CamdenNewJournal

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Flash flood residents tell Town Hall they fear more rainfall

Full council meeting hears that nobody came to help during deluge

14 October, 2021 — By Harry Taylor

Downpours in July wrecked homes in South Hampstead

NEIGHBOURS in South Hampstead this week lambasted Thames Water and Camden Council for leaving them to fend for themselves after two flash floods devastated their homes in July this year.

More than 56 homes were flooded across five roads in the area as sudden downpours saw rain water and sewage gushing through homes twice. Some have had to move out and still have no idea when they will be able to return.

In a deputation to a full council meeting on Monday Joan Munro, addressing councillors on behalf of the South Hampstead Flood Action Group (SHFAG) told councillors that some owners were now unable to get insurance through conventional firms or even the government’s special “Flood Re” scheme.

“With climate change causing more flooding we are petrified every time more rain is forecast,” she said.

“There was no sign of Thames Water or, I’m sorry to say, Camden Council helping us when the flooding happened, it was neighbours helping each other basically.

“We went out and cleared the drains personally and I guess there was a lot of flooding happening all over the place but we didn’t see any outside person and we haven’t seen anybody since.”

Swiss Cottage councillor Leo Cassaran

She added that despite recommendations by the council’s own flood scrutiny panel after floods in 2002, no action was taken.

And nothing was done, she said, after the Town Hall produced a flood risk management strategy in 2013 which highlighted the area as high risk.

Swiss Cottage councillor Leo Cassarani an­nounced that the council was going to spend tens of thousands of pounds on a new “sustainable drainage system” (SUDS) which try to slow or stop the progress of rainfall into the water course by mimicking natural drainage schemes.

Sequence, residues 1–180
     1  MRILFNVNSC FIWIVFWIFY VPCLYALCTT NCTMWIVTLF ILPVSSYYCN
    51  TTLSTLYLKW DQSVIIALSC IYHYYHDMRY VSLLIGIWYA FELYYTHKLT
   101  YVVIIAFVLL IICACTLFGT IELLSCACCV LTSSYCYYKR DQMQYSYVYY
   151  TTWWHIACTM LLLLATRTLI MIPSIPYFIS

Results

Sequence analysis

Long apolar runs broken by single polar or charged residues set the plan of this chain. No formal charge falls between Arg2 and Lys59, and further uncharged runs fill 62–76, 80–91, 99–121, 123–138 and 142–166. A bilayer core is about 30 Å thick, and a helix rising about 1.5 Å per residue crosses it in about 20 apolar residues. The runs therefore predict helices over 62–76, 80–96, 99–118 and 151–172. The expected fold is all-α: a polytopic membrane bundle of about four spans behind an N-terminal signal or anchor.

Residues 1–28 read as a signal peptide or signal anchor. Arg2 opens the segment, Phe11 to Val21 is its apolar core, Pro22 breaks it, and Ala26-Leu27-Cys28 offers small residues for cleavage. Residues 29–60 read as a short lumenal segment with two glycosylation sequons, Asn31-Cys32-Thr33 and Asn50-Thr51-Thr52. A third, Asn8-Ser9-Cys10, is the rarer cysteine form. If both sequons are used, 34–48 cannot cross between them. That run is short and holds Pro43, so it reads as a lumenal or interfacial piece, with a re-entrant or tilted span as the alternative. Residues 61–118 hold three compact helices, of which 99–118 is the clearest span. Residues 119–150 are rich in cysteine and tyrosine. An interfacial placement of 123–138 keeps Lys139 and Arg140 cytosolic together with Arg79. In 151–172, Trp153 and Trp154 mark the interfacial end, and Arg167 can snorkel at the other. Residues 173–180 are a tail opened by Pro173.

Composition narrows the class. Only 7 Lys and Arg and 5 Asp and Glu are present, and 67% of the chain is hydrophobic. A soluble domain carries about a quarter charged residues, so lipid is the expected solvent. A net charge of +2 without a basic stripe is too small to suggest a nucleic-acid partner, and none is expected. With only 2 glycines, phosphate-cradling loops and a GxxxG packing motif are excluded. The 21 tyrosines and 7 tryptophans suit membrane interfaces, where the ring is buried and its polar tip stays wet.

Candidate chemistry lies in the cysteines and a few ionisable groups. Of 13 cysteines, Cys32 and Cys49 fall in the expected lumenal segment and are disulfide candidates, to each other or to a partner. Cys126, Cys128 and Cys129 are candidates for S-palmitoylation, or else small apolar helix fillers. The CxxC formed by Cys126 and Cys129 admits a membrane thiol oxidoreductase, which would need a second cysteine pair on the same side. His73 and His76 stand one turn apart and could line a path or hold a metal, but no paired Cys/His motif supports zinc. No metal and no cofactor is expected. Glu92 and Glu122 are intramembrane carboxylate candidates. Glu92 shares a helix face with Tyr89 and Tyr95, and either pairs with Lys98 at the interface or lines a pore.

But he added that the issues were down to Thames Water’s inaction leading up to the first flood, and failure to prevent the same thing happening again weeks later.

“This is likely the result of missed opportunities for Thames Water to prevent these sort of events and to act before they happen rather than after,” Cllr Cassarani told the meeting.

He added that it gave further importance for Labour’s current national policy of renationalisation of water companies.

“Thames Water are one of the private water companies set up by the Thatcher government in 1989. They are not accountable to the public in any way whatsoever. They are a natural monopoly. You can’t switch to a different supplier unless you move to a different part of the country and there’s no mechanism for democratic representation and accountability,” he told the meeting.

“As a private corporation they are entitled to put profits above the interests of the communities that they serve as they have done time and time again.

“Until this happens we are urging Thames Water to act. But as local representatives we must also step in where Thames Water have let us down, we can’t do their work for them, but there are measures we can take.”

Joan Munro addresses the meeting via videolink

Councillors and Hampstead and Kilburn MP Tulip Siddiq have written to the water company calling for drainage systems to be improved and expanded. Camden’s environment chief Councillor Adam Harrison said the council would be consulting on a flood risk management strategy later this year.

Thames Water conceded severe weather patterns are likely to become a “new normal” which could cause flooding – but said it was working to ensure risk is managed.

A spokesperson said: “Sewer flooding is a horrible experience and when it happens we must respond in the best possible way and give our customers the support they need. We know we don’t always get it right and it’s unacceptable that some customers have suffered because of this.

“Following recent flooding incidents, we’ve carried out a review of our response and the findings are helping us make improvements for the future, including how we prepare, react and communicate with those affected.

“Flooding is a complex situation that requires a multi-agency response and our systems are designed to cope with most storms, but not those on the scale experienced on July 12.

“At this stage our initial investigations into the storms have not found any evidence of a failure that would have significantly contributed to the flooding. There will however be an independent review taking place over the coming months.”

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